Coronavirus prevention

Coronavirus Prevention & Preparedness

The coronavirus, also known as COVID-19, is part of a family of viruses that cause illnesses like the common cold. Almost everyone gets a virus at some point. And most of the time you’ll recover easily.  This virus is different because it’s new and we don’t know what causes the virus or what medicine will treat the symptoms or cure the illness.  Some people get very sick, some have died.  The best thing to do for your family at this time is to practice good prevention, know the symptoms, and prepare in case someone in your family becomes ill.

Symptoms

Originally, children did not seem to be at high risk for COVID-19 but now that the virus has progressed, it’s becoming more clear that children are not immune.  You can watch for these symptoms:

  • Fever of more than 100° F
  • Cough, shortness of breath or difficulty breathing
  • Decreased ability to breathe
  • Chills or shivering
  • Felt more tired than normal
  • Muscle aches and pain
  • Headache
  • Sore throat
  • Loss of smell or taste
  • Congestion or runny nose
  • Nausea or vomiting
  • Diarrhea

More information about COVID-19 in Kansas can be found on the KDHE website.  If you or anyone in your family seems to be having these symptoms please call your doctor to ask about risk factors.

Prevention

The Centers for Disease Control (CDC) have put out excellent guidelines to help protect yourself and your family from the coronavirus.

These are the basic tips for keeping everyone in your family healthy:

  • Stay home when you are sick.
  • Cover your coughs and sneezes. Use a tissue and then throw it in the trash.
  • Avoid being around people who are sick.
  • Wash your hands thoroughly with soap and water.
  • Clean frequently touched surfaces (doorknobs, handles, tabletops and etc.).
  • Avoid touching your eyes, nose, or mouth.
  • Drink plenty of fluids.
  • Eat healthy foods.
  • Get plenty of rest.
  • Manage your stress levels.

In addition, the CDC and the World Health Organization (WHO) along with our government have asked us to practice “social distancing.”  This includes:

  • Keeping a distance of 6 feet away from others when out in public and at home if someone is coughing or sneezing.
  • Refrain from hugging, kissing or shaking hands with others.
  •  Avoid social gatherings of 15 people or more.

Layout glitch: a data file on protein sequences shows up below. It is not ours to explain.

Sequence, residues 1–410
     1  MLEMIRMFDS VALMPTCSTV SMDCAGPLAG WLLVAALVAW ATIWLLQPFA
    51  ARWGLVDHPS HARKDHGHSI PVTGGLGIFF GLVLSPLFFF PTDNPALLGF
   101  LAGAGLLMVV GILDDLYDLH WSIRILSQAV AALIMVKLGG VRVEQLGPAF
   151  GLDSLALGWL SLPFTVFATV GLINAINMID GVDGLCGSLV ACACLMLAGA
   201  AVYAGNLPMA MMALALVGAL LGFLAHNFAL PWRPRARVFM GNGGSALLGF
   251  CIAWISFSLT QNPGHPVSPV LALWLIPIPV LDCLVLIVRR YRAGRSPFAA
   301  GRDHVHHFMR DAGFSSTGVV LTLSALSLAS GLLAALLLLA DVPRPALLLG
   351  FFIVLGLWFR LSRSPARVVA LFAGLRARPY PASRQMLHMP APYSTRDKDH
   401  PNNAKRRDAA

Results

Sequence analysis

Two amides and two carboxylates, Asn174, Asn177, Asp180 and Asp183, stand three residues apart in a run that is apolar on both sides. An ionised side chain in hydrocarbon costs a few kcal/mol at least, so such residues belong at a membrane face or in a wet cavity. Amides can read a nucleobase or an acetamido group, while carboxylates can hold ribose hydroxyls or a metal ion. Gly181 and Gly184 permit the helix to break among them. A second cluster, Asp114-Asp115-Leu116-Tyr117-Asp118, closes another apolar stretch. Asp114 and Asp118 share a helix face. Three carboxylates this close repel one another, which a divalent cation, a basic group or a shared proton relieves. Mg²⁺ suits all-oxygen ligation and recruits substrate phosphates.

• Use the drive-thru, pick up or delivery instead of dining out in restaurants.
  • Avoid unnecessary shopping trips.
  • Do not visit long-term care facilities.
  • Wear a mask when you go out.

This may be difficult for young children to understand.  Especially if they have friends they visit often. School may be canceled in your community as well.  Talk to your children about the changes giving them simple reassurance, monitor their access to news and media, be a good role model for them.

Watch for signs of anxiety in your child.  They may not tell you they are worried but may become more irritable, clingy or have trouble sleeping.  Just try to stick to your normal routine as much as possible.

Be Prepared

If there is a coronavirus outbreak in your community, you will need to be prepared for school closures, child care closures and the like.  You may be asked to work from home if possible, or you may be temporarily laid off.  You can prepare by having your plans ready just in case.

  • Think about alternative child care plans.
  • Discuss your sick leave options with your employer.
  • Have a 2 week supply of food on hand in case you are ill and cannot get to the store.
  • Have extra medical supplies like fever medications, thermometers, and tissues to last up to 2 weeks.
  • Make a list of emergency contacts to share with your family.

As parents, you are encouraged to stay informed about the situation. There are changes almost daily to what is known, who is affected and how to prevent the illness from spreading. The American Academy of Pediatrics has up to date information that will help you prepare your child.

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